Live and direct

A live performance concept new to Singapore is looking to repeat its success in Japan. Caroline Moss investigates.

Zepp Hall Network has been part of the concert-going experience in Japan for the past 20 years. The concept, which permanently installs all Zepp venues with standardised sound and lighting systems and stage machinery, offers advantages to tour promoters and artists alike. Pre-equipped in this way, Zepp venues allow bands to turn up and play without having the hassle and expense of sourcing the equipment to stage a full production.

Now Zepp is branching out across Asia, starting with a new venue which opened in Singapore in April. Located on Level 3 of the Big Box complex in Jurong East, the Mega Box Event Hall has been remodeled to open as Zepp@Bigbox Singapore, a joint venture between Zepp Hall Network and Singapore-based Big Box Investment. Two more are planned to open in 2020 in Taiwan and Malaysia.

‘This came together because Big Box had the building, and Zepp had the experience,’ says Shinichiro Honda, hall director of Zepp@Bigbox, explaining that a pre-installed venue like this is unusual for Singapore, which is better known for smaller bars hosting live music, as well as traditional venues such as Esplanade - Theatres on the Bay.

‘It’s a bit of a different style, and will appeal to young people in particular. Bands can arrive in Singapore and come straight here. It’s ready to go, and they don’t have to worry about sound and lighting.’

Having worked in the music industry in his native Japan for almost 10 years, Mr Honda moved to China In 2007. ‘The market for live entertainment hadn’t really developed at this stage,’ he explains. ‘The country hosted the Beijing 2008 Summer Olympics and the Shanghai Expo in 2010 but nobody really knew what the possibilities were, going forward. Those possibilities were the main reason I moved to Shanghai, and soon I was setting up the MAO Live House performance venue in Shanghai. I quickly realised how important it was to maintain the technical quality of the equipment. So, when I heard that Zepp – which at that time was a 100 per cent subsidiary of Sony Music Entertainment Japan – had a plan to develop its concert hall model overseas, it really interested me.’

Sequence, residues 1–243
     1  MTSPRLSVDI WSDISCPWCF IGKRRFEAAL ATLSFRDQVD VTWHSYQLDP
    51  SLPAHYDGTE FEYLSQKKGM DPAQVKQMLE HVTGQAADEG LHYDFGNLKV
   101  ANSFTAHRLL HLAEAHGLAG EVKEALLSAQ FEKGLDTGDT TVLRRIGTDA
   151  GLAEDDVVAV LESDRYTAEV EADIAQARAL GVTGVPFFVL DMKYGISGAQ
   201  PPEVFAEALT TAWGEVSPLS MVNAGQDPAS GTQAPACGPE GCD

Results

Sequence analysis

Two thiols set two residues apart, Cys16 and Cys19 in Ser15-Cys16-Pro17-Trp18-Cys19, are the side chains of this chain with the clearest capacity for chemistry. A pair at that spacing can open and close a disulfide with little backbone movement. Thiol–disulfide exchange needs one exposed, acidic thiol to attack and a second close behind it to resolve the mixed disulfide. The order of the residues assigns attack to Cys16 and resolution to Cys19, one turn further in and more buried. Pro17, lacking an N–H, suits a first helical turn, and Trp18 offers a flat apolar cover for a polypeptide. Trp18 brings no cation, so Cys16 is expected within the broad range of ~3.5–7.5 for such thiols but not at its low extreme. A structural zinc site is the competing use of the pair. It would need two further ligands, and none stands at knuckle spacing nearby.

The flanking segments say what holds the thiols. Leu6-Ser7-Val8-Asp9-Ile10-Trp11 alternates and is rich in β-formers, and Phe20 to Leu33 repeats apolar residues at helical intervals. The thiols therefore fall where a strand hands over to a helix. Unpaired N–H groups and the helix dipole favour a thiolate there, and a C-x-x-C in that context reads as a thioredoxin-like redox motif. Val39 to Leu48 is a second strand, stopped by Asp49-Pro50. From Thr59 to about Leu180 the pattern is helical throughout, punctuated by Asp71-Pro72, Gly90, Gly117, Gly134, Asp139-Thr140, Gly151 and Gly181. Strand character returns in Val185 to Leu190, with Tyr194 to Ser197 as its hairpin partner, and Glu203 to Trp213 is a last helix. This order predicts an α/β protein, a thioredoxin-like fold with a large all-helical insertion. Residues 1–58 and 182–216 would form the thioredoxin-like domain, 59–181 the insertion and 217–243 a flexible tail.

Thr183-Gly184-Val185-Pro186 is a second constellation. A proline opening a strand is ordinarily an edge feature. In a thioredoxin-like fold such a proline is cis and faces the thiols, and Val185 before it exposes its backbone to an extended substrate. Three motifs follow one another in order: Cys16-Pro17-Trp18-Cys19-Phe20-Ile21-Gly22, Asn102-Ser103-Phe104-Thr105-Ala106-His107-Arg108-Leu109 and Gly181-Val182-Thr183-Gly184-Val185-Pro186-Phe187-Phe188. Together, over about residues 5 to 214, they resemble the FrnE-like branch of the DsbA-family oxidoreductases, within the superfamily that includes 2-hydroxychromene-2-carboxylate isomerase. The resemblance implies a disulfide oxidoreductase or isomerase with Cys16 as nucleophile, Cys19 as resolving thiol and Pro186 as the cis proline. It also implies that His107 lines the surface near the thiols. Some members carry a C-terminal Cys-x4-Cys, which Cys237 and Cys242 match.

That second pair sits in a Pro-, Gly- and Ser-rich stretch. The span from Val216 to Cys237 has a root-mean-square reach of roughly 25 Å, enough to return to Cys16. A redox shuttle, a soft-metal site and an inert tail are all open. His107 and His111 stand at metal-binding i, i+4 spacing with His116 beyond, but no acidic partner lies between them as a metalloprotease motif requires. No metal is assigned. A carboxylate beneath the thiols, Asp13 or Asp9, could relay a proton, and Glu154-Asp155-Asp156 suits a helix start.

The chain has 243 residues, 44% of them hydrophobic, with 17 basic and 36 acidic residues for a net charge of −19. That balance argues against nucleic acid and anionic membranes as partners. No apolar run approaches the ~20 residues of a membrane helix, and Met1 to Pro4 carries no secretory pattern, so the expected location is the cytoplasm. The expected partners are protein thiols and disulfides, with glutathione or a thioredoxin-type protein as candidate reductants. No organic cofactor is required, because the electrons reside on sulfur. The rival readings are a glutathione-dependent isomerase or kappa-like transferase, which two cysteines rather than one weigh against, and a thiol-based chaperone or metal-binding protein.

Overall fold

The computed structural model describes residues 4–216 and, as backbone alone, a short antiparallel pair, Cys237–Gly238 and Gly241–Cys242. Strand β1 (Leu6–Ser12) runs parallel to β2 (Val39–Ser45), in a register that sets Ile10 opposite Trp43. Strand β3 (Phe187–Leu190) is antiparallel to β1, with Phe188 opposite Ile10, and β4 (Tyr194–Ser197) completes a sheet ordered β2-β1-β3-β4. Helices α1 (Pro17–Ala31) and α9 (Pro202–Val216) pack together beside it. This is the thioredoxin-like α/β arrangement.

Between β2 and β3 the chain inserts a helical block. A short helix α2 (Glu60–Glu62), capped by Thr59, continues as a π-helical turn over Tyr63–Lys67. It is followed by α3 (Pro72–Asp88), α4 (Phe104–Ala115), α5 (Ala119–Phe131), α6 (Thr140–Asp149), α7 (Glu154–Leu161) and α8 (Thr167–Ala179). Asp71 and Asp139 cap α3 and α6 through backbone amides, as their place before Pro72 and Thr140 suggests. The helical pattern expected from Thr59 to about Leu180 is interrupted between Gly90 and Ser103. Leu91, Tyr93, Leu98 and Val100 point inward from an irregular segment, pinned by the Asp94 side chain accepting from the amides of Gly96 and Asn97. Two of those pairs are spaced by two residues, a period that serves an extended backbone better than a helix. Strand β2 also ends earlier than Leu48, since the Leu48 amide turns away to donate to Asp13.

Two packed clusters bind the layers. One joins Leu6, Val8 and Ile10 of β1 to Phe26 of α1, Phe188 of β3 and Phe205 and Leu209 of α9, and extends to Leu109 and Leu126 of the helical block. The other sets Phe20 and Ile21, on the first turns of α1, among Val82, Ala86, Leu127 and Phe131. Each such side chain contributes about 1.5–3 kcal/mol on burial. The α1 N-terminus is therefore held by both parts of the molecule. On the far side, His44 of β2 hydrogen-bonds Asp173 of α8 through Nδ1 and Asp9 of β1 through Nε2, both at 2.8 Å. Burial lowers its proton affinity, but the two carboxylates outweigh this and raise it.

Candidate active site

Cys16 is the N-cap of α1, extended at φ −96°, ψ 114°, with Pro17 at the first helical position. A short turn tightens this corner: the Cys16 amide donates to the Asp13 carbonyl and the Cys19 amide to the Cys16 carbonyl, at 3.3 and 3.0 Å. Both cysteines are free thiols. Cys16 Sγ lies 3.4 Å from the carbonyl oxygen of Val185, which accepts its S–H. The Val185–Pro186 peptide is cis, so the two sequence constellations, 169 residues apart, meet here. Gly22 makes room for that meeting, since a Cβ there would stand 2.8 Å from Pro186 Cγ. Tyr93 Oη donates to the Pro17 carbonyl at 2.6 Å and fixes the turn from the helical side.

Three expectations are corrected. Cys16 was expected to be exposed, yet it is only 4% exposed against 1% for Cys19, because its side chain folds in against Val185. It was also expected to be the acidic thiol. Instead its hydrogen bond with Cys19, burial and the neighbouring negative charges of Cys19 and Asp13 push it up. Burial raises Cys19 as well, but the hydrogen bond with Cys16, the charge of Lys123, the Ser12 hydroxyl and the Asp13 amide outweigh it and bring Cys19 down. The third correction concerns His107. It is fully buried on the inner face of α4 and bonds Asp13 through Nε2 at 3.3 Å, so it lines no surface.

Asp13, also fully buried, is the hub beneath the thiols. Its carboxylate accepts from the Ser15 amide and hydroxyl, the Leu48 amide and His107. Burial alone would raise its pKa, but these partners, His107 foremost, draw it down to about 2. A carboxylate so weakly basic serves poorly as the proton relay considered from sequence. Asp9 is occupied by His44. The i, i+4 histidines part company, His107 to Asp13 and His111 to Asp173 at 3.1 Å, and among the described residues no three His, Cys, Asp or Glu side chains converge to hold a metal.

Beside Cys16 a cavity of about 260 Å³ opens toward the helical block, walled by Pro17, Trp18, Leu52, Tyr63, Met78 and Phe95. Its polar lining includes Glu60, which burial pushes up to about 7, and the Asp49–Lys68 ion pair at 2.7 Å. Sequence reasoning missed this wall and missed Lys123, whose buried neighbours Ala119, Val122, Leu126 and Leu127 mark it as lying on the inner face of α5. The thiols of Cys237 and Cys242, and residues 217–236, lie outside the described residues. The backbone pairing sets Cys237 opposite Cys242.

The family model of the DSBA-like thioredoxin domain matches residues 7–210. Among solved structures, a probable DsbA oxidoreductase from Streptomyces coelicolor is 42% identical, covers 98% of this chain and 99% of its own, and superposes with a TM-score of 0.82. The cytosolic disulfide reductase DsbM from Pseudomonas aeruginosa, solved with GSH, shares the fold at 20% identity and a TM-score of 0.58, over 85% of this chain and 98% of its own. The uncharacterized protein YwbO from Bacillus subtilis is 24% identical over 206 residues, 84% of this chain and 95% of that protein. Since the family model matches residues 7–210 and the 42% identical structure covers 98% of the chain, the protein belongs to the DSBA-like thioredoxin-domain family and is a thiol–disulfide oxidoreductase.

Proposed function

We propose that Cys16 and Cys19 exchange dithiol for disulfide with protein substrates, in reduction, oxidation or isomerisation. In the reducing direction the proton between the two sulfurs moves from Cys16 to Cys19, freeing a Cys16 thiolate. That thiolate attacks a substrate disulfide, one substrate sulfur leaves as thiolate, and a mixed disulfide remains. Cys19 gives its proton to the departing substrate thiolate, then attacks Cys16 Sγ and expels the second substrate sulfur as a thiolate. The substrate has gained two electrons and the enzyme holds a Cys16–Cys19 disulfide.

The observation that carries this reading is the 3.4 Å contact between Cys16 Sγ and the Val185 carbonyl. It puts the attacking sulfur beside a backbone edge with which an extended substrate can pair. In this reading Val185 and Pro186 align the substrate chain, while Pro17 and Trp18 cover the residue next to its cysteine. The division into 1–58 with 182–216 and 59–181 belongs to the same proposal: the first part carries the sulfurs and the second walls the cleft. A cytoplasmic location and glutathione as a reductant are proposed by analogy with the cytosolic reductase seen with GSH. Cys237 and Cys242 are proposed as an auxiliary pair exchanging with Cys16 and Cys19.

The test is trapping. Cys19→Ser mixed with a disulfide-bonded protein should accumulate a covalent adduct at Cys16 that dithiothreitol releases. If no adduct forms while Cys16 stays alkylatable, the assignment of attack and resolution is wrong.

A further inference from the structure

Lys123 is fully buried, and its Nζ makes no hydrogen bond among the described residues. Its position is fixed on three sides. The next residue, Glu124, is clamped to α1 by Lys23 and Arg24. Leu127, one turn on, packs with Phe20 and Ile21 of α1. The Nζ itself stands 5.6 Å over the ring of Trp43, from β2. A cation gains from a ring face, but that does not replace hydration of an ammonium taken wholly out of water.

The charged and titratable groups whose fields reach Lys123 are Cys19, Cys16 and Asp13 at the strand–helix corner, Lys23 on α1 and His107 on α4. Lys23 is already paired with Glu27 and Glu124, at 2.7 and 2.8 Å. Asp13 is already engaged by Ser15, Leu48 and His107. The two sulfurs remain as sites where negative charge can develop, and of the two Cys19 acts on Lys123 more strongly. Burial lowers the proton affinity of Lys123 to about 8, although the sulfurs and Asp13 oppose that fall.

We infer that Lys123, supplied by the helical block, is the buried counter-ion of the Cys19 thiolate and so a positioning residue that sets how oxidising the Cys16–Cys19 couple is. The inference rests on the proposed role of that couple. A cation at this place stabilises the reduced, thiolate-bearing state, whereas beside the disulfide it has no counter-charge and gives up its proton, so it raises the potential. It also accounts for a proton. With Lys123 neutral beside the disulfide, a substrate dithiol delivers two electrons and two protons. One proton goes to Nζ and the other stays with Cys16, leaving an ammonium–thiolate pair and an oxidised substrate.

Mr Honda joined Sony Music Group in 2014, becoming part of a team set up to research expansion into other territories. The tie-up with Big Box came a year later, when the company’s real estate arm located at the Jurong venue.

Next came the decision on what equipment to install. ‘The Zepp Hall Network in Japan has a sound consultant, so I spoke to him and we decided together on a Nexo/Yamaha system for Singapore,’ says Mr Honda. This was a departure from the equipment setups in Japan, for a very good reason. ‘We needed a good support network, and Yamaha has subsidiaries throughout Asia, so they can offer very good support for their systems,’ he continues. ‘In addition, sound engineers in Japan are very familiar with Yamaha consoles, and everyone knows how to operate a CL5, which we’ve installed here at FOH. We wanted to open the doors to everyone, while at the same time, providing a very good sound quality. And that’s why we chose to use Yamaha consoles and Nexo speakers for our first overseas venture.’

According to Lawrence Tan, assistant general manager of Yamaha Music (Asia) which is also the local Nexo distributor, STM is the ideal choice for the venue, which is a large box that has a total floor area of 3,500m². ‘The STM is a very directional system, and very well controlled,’ he says. ‘It’s not dispersing onto lots of different surfaces, so it’s targeting the audience.’